Heat Snap Streak
Slow starts to both halves doom Pistons as 4-game win streak ends
Getting off to a slow start against the defending NBA champion in one half is playing with fire. Getting off to a slow start in both halves is pouring gasoline on yourself and lighting a match.
The Pistons survived a sluggish start to the game, coming from 11 back early to within two points. But a similarly disastrous start to the third quarter undid them, especially when they were playing without three of their top four guards in Rodney Stuckey (left knee tendinitis), Chauncey Billups (ditto) and Will Bynum (left adductor strain, an upper leg injury).
Yes, Miami was without Dwyane Wade. And they replaced him with a Hall of Famer, Ray Allen, while the Pistons had to lean heavily on rookie guards Kentavious Caldwell-Pope and Peyton Siva to provide a modicum of relief for the only other healthy guard left, Brandon Jennings.
Recipe for seeing your four-game win streak snapped at home: spot an angry veteran bent on revenge for a loss it considered embarrassing – the Pistons won at Miami five nights earlier, 107-97 – five lethargic minutes at the start of each half.
“They started the game out getting easy baskets,” Maurice Cheeks said, as all of Miami’s first 12 points came in transition. “That’s what started it for them – missed shots by us, push the ball up, layups. But you know what? You can kind of sense that from a Miami Heat team, defending champions. You kind of knew their focus would be a little different, a little higher, and it was. Clearly, it was from the start and the third quarter.”
The Heat rallied from 15 points back in the fourth quarter at Miami to within three thanks largely to a swarming defense that engulfed Brandon Jennings and made it difficult for him to pass out of traps 30 feet from the basket. Cheeks countered by having Jennings get the ball to Stuckey via dribble handoffs and letting him attack. That option wasn’t available to the Pistons with Stuckey missing the game after limping to the bench before halftime of Saturday’s win at Chicago.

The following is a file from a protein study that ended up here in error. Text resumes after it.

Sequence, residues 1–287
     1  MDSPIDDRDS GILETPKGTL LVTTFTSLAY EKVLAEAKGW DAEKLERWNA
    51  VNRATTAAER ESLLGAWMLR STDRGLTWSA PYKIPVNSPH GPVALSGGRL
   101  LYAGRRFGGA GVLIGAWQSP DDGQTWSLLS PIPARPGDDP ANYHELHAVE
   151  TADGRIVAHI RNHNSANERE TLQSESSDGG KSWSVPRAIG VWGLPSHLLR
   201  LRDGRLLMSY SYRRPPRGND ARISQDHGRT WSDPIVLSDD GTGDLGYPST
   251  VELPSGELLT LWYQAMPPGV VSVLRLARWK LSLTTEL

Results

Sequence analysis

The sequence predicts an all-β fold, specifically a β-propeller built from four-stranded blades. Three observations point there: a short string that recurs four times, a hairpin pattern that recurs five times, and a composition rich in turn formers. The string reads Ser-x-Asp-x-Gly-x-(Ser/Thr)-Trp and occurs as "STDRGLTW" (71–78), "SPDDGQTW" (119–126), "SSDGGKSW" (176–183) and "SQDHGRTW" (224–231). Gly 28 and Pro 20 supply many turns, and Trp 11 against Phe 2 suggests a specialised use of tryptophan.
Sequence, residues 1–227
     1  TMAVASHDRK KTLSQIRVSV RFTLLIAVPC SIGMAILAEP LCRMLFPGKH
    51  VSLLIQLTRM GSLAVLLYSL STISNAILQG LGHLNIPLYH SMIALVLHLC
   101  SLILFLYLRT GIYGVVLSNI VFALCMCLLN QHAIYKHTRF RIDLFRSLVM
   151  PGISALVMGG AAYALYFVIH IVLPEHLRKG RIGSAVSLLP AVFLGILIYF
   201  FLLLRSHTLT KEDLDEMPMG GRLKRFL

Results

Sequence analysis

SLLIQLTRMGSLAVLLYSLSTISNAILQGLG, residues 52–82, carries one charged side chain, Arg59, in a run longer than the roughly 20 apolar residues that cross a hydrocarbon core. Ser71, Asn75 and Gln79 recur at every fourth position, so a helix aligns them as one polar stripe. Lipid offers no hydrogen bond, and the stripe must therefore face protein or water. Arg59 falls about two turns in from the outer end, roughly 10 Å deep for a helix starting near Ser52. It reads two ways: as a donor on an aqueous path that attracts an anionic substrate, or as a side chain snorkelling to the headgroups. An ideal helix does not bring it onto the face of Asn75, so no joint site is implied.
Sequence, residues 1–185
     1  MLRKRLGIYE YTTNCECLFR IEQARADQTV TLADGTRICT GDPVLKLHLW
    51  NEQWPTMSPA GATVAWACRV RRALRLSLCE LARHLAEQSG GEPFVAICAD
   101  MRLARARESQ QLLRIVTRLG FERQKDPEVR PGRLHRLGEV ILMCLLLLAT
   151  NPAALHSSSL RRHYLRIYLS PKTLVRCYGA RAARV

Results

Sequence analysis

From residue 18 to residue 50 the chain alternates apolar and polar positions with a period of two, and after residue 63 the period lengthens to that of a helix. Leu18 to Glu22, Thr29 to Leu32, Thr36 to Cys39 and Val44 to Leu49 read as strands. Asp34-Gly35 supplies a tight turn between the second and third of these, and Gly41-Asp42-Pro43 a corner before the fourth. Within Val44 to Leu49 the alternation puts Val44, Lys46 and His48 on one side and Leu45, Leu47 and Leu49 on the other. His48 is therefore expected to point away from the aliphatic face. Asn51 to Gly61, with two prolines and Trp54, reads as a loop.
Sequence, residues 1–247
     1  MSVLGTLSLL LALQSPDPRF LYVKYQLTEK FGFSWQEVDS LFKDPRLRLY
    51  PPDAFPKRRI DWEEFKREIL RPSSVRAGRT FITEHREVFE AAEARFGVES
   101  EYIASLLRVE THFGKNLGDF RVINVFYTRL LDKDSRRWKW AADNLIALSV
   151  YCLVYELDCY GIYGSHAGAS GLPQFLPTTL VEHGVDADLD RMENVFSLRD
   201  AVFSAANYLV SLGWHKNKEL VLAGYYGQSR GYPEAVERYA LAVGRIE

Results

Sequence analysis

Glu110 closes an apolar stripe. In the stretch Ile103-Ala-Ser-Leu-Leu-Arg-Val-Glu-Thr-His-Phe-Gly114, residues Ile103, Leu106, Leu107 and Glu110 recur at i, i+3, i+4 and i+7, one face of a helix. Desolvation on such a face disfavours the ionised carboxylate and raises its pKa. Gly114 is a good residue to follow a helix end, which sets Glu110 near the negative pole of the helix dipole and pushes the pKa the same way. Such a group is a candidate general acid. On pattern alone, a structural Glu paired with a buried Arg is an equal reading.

“Missing Stuck was big for us, but they were missing some pieces, too,” said Kyle Singler, one of seven Pistons in double figures with 10 off the bench. “I’m not going to make excuses for it. We would like to be at full strength, but the circumstances were we were shorthanded and had to play with what we had. The third quarter, we just didn’t come out and give what we had.”
“They wanted to come in here and get revenge.”
- Kyle Singler on the Miami Heat
Full game quotes
“That’s what they do,” Cheeks said of Miami’s defensive tactics, which involve fronting Greg Monroe in the post in addition to trapping the ballhandler. “They trap the ball. (In Miami), we had Stuckey we can bring the ball to, another ballhandler who can attack the rim and get to the foul line a little more. I don’t think we really had another ballhandler that we could take the ball to.”
Cheeks had to patch together lineup combinations he probably never imagined, especially after Jennings picked up his third foul five minutes before halftime. At one point, Cheeks had rookie guards Peyton Siva and Kentavious Caldwell-Pope out with a frontcourt of Josh Harrellson, Charlie Villanueva and Jonas Jerebko. They held their own, too, cutting Miami’s eight-point lead in half before Cheeks sent Monroe in for Jerebko after three minutes.
But the Pistons, minus Stuckey’s firepower off the bench, just didn’t have enough scoring to hang with Miami on a night the Heat were getting too many easy points – first in transition, later at the 3-point line. Miami veterans Rashard Lewis and Roger Mason Jr. combined to sink seven 3-pointers and the Heat bench shot 15 of 24 with big contributions from Chris Andersen and Norris Cole, as well. Miami shot 56 percent, 65 in the first half.
“It was a different team (than the Miami team the Pistons beat in Miami),” Cheeks said. “They had a few guys come off the bench that made a different. Rashard Lewis, Roger Mason, they made a difference in terms of shooting the ball.”
The Pistons fully expected what they got from Miami, too – the aggression out of the gate, a fully engaged LeBron James, who flashed his MVP chops with 24 points on 10 of 15 shooting to go with nine assists, seven boards and two steals. But as Cheeks pointed out …
“It’s one thing of knowing and another thing of doing something about it. We talked about it after the game, understanding where they are, the level they would come in, and they did. It wasn’t a secret to anybody that they would come in a little higher than they were the last game. We can learn something from it. Any time you’re playing the defending champions, you can learn something from it.”
“That’s a championship team right there,” said Andre Drummond, who put up another screaming stat line: 19 points, 14 rebounds, two blocks and two steals. “We knew what was coming. We knew they were going to come in full steam ahead and they did what they needed to do tonight and got the win.”